David Horowitz: “I am a Jew. The head of Hezbollah has said that he hopes that we will gather in Israel so he doesn’t have to hunt us down globally. … For it or against it?”
Jumanah Albahri: “For it.”
Watch this chilling exchange, which just recently occurred at the University of California-San Diego (UCSD):
Albahri’s blatant support for genocide has sparked a backlash, prompting students to try and get the UC chancellors to condemn her remarks as inflammatory hate speech. The movement has taken the form of a petition directed at UCSD Chancellor Marye Anne Fox. (The petition originated in a Facebook group named “Condemn UCSD MSA’s ex-Officer for Supporting 2nd Holocaust.”
Begun on May 13, the group has, in the course of a few days, swelled to nearly 600 members. It provides updates on the situation, including the press releases and statements released by the UCSD MSA, Chancellor Fox, and Albahri herself. Most importantly, of course, it provides a link to the petition asking Chancellor Fox (and potentially the other UC chancellors) to directly condemn Albahri’s pro-Holocaust statement.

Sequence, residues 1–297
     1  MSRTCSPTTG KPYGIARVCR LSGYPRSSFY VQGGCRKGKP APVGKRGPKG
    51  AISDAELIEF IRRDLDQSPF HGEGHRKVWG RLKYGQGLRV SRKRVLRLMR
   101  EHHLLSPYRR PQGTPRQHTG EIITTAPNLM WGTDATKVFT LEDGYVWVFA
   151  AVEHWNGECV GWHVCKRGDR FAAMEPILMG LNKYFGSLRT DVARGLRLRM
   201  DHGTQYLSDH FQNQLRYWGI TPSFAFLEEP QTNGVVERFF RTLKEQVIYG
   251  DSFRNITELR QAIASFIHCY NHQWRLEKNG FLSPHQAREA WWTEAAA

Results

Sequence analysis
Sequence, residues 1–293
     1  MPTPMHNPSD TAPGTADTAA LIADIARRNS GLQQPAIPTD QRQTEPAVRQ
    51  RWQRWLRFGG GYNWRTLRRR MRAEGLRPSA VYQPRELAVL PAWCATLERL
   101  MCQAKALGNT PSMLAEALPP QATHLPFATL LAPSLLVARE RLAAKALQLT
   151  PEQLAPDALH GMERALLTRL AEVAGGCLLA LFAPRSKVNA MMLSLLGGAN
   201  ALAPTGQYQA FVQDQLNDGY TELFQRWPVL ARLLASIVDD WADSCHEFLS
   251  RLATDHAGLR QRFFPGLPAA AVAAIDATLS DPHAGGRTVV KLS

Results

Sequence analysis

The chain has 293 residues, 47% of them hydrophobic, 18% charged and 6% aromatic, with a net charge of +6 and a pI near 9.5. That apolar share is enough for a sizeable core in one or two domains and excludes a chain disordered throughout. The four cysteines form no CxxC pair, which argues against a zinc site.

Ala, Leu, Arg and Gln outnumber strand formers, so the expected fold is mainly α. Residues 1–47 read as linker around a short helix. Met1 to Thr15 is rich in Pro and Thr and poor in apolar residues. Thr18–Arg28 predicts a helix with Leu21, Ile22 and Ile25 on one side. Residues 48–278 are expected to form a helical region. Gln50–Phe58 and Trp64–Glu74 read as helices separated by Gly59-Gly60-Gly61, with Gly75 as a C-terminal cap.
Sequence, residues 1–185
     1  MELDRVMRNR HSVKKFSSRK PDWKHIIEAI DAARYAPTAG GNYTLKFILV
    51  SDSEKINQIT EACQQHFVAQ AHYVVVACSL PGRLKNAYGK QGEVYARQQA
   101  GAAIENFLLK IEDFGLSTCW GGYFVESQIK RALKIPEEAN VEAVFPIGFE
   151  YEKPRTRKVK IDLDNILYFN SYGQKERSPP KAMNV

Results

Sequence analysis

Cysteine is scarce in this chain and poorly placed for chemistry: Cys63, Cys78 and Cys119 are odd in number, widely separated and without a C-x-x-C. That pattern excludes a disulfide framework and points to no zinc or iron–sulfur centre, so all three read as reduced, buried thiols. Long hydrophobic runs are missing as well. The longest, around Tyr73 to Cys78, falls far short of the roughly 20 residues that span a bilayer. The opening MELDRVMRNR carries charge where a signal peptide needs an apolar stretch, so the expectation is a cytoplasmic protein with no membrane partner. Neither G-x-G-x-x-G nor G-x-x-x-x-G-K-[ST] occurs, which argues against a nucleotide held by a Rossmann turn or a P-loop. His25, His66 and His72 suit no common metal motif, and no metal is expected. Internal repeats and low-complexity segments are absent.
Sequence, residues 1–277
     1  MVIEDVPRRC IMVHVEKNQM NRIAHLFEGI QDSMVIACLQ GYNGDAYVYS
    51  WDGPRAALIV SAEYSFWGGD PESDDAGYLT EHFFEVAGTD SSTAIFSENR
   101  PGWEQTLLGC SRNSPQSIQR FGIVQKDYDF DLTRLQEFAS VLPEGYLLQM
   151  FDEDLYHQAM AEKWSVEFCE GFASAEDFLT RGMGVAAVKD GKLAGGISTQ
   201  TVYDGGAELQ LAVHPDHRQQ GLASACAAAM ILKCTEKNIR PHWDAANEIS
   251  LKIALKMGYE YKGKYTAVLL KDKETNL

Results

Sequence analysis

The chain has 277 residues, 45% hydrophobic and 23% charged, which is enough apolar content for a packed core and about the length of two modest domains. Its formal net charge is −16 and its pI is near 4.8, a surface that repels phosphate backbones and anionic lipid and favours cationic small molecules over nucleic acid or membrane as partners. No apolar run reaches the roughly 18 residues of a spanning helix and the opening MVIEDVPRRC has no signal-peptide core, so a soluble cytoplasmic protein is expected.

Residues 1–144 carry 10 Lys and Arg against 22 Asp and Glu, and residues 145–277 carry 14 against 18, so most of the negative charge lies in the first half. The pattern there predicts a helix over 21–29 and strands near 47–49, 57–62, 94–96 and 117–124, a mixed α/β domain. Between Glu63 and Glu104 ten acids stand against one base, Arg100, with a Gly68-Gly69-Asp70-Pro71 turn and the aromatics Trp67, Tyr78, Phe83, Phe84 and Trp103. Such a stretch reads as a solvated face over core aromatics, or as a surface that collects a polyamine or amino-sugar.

On May 15, in a half-hearted damage control scramble, the UCSD MSA released a statement denouncing “all groups or organizations, whether state or non-state actors, who target civilians or target a civilian population to impose collective punishment.” The statement is very vague and non-committal, and does not even mention the incident or the people that elicited it. It then goes into an anti-Israel diatribe and a quote from Malcom X that is totally irrelevant to the situation in question. It is, for all intents and purposes, utterly meaningless.
Albahri, on May 16, released a statement via a new blog she set up titled “For Truth, For Justice, For Peace.” In her statement, Albahri attacks Horowitz as a “seasoned polemicist” who avoided her initial (and irrelevant) question and accuses him of turning the conversation around on her, which, of course, is something one must expect when leaping into these types of discussions.
Read her full equivocation here, which comes straight out of the anti-Semitic guidebook for how-to-try-and-make-yourself-look-victimized, which guidebooks do exist.